Tonight’s feature presentation: Fogo de Chao, a Brazilian steakhouse with over two dozen American locations in addition to their flagships back home. For one solid price that was more than we would ever dream of paying for non-special occasions, their Devour Indy special offered a buffet of fancy unlimited appetizers, while the waiters approached every table with a few unlimited side dishes and numerous small yet unlimited meat portions all prepared in the Brazilian way, by which I mean they were made of meat. Good enough for us.

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PBJ, Doritos, and Milk by Candlelight

candlelightI’m not sure if it’s reached national headlines, but this afternoon a severe storm front swept through the Midwest, took at least five lives in Illinois, and destroyed numerous structures between here and there, according to the most recent Indianapolis Star update as of this writing. (See this link for footage from Lebanon — a town halfway between our house and my son’s apartment — of a tornado that swept through the area. Among other damages, it later flipped a semi and took out a Starbucks.) Our prayers are with those currently in the midst of unthinkable tragedy as a result of the day’s upheaval.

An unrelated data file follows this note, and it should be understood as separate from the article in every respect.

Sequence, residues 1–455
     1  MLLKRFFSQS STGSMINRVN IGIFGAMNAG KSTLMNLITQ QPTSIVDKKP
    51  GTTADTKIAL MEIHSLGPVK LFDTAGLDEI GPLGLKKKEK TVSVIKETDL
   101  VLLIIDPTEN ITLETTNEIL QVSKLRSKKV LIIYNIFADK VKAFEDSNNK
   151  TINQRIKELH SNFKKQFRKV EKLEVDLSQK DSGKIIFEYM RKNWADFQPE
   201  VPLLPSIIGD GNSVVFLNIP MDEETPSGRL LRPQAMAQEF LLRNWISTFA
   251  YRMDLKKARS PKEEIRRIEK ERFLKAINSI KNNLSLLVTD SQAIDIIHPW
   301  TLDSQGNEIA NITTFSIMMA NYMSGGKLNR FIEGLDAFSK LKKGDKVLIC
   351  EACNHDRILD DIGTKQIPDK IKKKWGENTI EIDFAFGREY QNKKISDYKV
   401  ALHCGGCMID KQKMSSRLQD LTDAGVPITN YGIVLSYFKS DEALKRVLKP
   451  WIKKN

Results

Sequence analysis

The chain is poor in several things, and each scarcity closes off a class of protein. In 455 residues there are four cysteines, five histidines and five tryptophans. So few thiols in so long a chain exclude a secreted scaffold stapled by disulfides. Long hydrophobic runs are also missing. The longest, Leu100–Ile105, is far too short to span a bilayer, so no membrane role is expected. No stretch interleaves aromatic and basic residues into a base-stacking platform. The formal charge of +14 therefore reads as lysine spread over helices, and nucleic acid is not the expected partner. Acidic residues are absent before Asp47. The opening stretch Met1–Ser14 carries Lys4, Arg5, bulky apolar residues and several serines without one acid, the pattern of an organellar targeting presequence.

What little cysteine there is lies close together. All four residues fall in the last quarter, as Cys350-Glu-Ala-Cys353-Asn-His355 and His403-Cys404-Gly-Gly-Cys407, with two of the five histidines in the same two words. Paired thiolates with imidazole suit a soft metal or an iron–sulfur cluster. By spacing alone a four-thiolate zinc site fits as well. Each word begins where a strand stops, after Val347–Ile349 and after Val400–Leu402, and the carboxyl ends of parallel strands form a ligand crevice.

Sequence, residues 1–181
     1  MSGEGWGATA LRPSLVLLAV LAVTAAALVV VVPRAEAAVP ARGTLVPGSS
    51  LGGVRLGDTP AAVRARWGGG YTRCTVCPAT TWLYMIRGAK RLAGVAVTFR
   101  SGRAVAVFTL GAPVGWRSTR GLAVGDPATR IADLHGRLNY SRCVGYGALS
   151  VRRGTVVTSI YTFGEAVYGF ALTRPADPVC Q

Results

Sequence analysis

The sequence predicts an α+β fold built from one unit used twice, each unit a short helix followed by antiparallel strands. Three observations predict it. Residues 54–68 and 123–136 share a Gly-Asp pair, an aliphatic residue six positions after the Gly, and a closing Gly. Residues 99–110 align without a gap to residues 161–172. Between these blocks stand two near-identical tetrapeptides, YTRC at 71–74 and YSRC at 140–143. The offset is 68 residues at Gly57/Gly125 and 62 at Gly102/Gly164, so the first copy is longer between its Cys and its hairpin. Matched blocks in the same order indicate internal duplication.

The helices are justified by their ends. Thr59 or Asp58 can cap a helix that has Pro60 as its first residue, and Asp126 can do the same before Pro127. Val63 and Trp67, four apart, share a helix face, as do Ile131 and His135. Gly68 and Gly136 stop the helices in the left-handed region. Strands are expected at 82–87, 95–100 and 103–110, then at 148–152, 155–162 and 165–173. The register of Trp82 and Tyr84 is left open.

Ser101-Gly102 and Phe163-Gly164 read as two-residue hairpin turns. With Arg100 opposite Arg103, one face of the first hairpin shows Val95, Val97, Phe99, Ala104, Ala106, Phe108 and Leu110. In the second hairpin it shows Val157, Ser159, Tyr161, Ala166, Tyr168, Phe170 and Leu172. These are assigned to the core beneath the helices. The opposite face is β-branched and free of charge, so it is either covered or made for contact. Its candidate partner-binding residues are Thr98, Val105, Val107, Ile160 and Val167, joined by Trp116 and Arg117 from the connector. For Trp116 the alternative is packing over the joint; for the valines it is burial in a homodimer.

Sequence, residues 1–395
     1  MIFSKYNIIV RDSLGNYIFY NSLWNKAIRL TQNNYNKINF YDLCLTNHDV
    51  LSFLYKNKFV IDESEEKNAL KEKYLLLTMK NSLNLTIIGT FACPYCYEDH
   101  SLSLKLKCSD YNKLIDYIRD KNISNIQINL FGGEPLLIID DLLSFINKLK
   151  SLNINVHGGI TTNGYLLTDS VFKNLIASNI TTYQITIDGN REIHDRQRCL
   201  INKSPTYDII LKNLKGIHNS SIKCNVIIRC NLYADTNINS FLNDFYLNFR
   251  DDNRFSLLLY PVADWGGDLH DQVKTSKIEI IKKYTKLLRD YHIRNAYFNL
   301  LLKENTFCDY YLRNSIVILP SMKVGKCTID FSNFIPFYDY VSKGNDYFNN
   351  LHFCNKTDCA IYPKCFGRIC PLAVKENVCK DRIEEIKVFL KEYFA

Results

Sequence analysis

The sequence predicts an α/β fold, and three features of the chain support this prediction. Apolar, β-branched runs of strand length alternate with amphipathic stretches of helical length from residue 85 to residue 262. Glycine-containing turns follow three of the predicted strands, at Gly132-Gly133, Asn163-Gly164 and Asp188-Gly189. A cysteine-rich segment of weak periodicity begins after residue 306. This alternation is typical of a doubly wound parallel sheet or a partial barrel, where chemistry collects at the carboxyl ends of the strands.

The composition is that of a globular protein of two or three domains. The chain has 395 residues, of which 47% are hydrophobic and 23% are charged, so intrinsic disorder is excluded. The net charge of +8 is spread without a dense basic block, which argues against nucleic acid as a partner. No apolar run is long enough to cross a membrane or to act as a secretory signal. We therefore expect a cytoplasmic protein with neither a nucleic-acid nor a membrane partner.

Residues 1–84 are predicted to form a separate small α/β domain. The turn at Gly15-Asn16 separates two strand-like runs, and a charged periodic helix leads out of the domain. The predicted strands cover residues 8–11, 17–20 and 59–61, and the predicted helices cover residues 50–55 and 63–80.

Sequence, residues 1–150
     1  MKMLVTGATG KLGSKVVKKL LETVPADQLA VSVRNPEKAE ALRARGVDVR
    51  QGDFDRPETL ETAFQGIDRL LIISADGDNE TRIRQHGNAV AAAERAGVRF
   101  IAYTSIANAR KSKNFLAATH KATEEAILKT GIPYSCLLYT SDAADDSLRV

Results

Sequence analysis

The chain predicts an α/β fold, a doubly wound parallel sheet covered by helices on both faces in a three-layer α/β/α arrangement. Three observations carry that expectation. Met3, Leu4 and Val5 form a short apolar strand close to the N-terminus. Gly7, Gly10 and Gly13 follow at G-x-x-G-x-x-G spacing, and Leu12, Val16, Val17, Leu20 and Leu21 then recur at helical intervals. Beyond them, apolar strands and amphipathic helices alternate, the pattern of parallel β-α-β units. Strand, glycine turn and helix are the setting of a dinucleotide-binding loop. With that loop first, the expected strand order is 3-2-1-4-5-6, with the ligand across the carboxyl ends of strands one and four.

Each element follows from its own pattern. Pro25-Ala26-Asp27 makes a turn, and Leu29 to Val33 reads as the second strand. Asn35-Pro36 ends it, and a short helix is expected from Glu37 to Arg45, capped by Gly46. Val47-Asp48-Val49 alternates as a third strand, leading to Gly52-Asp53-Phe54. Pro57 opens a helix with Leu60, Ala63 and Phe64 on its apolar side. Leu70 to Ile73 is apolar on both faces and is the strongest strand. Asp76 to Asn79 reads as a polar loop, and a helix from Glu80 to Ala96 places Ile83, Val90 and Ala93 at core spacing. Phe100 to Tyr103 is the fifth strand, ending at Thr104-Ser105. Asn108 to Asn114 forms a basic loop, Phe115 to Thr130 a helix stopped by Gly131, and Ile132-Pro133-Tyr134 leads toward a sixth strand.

We Hoosiers are no strangers to destructive weather. Our TV meteorologists panic more often than most of us do. It’s absolutely horrifying whenever worst-case scenarios do occur. We’ve been coached all our lives on what to do in that event; more often than not, though, all we suffer is unusual inconvenience — a broken shingle here, a leveled bush there, some broken siding on rare occasion.

Tonight, those treacherous storms ruined our dinner.